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Crit Ultrasound J. 2017 Oct 13;9(1):21. doi: 10.1186/s13089-017-0077-9.

Point-of-care transcranial Doppler by intensivists.

Author information

1
Department of Medicine, Division of Critical Care, Schulich School of Medicine and Dentistry, Western University, London, ON, Canada. vinceissaclau@gmail.com.
2
London Health Sciences Centre, Victoria Hospital Rm, D2-528, 800 Commissioners Road East, London, ON, N6A 5W9, Canada. vinceissaclau@gmail.com.
3
Department of Medicine, Division of Critical Care, Schulich School of Medicine and Dentistry, Western University, London, ON, Canada.
4
London Health Sciences Centre, Victoria Hospital Rm, D2-528, 800 Commissioners Road East, London, ON, N6A 5W9, Canada.

Abstract

In the unconscious patient, there is a diagnostic void between the neurologic physical exam, and more invasive, costly and potentially harmful investigations. Transcranial color-coded sonography and two-dimensional transcranial Doppler imaging of the brain have the potential to be a middle ground to bridge this gap for certain diagnoses. With the increasing availability of point-of-care ultrasound devices, coupled with the need for rapid diagnosis of deteriorating neurologic patients, intensivists may be trained to perform point-of-care transcranial Doppler at the bedside. The feasibility and value of this technique in the intensive care unit to help rule-in specific intra-cranial pathologies will form the focus of this article. The proposed scope for point-of-care transcranial Doppler for the intensivist will be put forth and illustrated using four representative cases: presence of midline shift, vasospasm, raised intra-cranial pressure, and progression of cerebral circulatory arrest. We will review the technical details, including methods of image acquisition and interpretation. Common pitfalls and limitations of point-of-care transcranial Doppler will also be reviewed, as they must be understood for accurate diagnoses during interpretation, as well as the drawbacks and inadequacies of the modality in general.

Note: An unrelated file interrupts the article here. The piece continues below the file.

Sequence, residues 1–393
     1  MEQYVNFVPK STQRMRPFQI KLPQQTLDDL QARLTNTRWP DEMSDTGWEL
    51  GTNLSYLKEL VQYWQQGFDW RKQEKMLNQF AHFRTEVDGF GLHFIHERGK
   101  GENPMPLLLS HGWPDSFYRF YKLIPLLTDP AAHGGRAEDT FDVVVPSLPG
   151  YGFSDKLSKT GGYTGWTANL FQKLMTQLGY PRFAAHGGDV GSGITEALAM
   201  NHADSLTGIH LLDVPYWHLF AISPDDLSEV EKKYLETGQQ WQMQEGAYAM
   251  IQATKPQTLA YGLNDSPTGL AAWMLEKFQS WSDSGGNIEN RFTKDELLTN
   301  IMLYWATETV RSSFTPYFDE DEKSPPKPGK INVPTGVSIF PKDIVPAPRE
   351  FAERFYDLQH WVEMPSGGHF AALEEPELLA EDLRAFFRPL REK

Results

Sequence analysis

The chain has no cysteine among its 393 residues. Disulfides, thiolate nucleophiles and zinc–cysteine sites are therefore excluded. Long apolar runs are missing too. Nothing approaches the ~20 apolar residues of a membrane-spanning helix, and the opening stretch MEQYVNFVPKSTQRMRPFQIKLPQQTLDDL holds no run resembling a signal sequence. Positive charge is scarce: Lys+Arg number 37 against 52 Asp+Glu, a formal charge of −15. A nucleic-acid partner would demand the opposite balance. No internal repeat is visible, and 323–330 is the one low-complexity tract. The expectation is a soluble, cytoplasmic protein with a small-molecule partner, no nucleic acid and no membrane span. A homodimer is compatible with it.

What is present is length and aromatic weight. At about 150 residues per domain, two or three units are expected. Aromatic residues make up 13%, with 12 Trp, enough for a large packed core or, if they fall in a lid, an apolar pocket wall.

KEYWORDS:

Cerebral circulatory arrest; Intra-cranial pressure; Midline shift; Neuro-critical care; Point-of-care ultrasound; Vasospasm

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